3.4. Assessment of the referendum, held on December 10th 1991 in Nagorno-Karabakh, in terms of international law
Coup d’etat, committed in August 1991 in Moscow, served as a signal for most Soviet Republics. This was followed by the processes of secession from the USSR and the Soviet republics declared their independence.
On September 2nd of the same year the meeting of the Regional Council of Nagorno-Karabakh declared the Nagorno-Karabakh Autonomous Region as a new Republic of Nagorno-Karabakh. The meeting was held without participation of the Azeri delegation. On November 26th of the same year Azerbaijan reacted to this illegal action by cancellation of the autonomous status of Nagorno-Karabakh. The so-called republic held referendum on independence on December 10th and declared its independence on January 6th of 1992.
As for legitimacy of this referendum, held in Nagorno-Karabakh on ethnic basis, the Armenian side refers to the Law of the USSR dated 03.04.1990 on «Procedures for resolution of the issues related to secession of Soviet Republics from the USSR». It should be noted, that this law itself was contrary to the Constitution of the USSR, because it contradicted the above mentioned Articles (78, 86, 87) of the USSR Constitution. Art. 3 of this Law, which is based on the principles of Leninism and which supports self-determination of not only peoples, but also of ethnic minorities (including secession from any state), envisaged right to self-determination for autonomous regions of the Soviet Union, too. However, Armenia’s position on legitimacy of this referendum had no substantiation both in national and international law. As such, there is a fact, which is obviously ignored (may be deliberately) by the Armenian side in connection with this matter: when the referendum was held (10.12.1991) Azerbaijan was an independent state. Therefore, provisions of the above mentioned Law could not be applied to the independent Republic of Azerbaijan and its territory.
Secondly, the Armenian side can not substantiate legitimacy of their secession from Azerbaijan by oppression theory (i.e. for the reason of discrimination of the Armenian people of Nagorno-Karabakh). Even if there were facts of discrimination, the Armenian population of Nagorno-Karabakh could not refer to it. Because, in the former Soviet Union government was rather centralized and local governments (Republics of the Union) were directly subordinated to the instructions of the Kremlin. Moreover, the Armenians and the Azerbaijanis of Nagorno-Karabakh had joint administration council in Nagorno-Karabakh. The Head of the Council was Armenian by nationality, there were Armenian schools in the enclave, welfare of the population was very good and etc. Taking all these into consideration, we can insist that any fact of discrimination towards the Armenian population of Nagorno-Karabakh is out of question.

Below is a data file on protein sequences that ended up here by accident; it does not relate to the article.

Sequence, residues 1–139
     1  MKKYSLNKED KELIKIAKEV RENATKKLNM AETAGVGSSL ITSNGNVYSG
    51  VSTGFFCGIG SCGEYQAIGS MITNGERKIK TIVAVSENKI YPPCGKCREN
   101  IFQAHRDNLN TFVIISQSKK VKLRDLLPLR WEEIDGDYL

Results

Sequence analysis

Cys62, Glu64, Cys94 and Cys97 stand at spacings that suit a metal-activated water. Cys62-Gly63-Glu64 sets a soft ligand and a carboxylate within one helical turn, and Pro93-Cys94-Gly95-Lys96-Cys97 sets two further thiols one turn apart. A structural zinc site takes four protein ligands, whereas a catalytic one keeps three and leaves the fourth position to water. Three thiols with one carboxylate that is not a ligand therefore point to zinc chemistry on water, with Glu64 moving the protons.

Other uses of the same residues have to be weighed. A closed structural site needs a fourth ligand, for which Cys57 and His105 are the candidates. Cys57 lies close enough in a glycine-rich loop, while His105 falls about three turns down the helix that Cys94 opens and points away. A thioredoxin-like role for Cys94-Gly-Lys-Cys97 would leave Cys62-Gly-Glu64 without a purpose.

Thirdly, this referendum is neither legitimate from the point of view of valid international legal regulations, as the referendum was held without consent of the independent Azerbaijani state exclusively on an ethnic basis. Ethnic principle of self-determination has never been taken as a serious factor by international community in assessment of any claims against a state. Moreover, ethnic principle of self-determination can not be considered legitimate without consent of all related parties, because the referendum, held on this basis is of discriminative character by itself. If the Armenian population, living in Nagorno-Karabakh expresses their wish of independence through self-determination, then this wish should raise a suspicion as the fact of their ability of self-determination. As mentioned above, on the threshold of the conflict, the Armenian population of Nagorno-Karabakh did not aim to gain independence at all, their major intention was to annex Nagorno-Karabakh to Armenia. There are many facts which prove irredentist character of the intention of the Armenian population. Appointment of the Minister of Defence of the so-called Republic of Nagorno-Karabakh Serj Sarkisyan as the Minister of Armenia in 1993, election of Robert Kocharyan (although he remains a citizen of Azerbaijan from the legal point of view) as the President of the Republic of Armenia in March of 1998 and February of 2003, non-cancellation of the resolution of the Supreme Soviet of the Armenian SSR dated 01.12.1989 on annexation of Nagorno-Karabakh to Armenia, involvement of the Armed Forces of the Republic of Armenia in this conflict and other evidences prove that the conflict bears irredentist character and is closely connected with the issue of territorial integrity. Naturally, when we consider the conflict from this point of view, we should treat it as an international armed conflict and the Republic of Armenia should be accepted as an aggressor.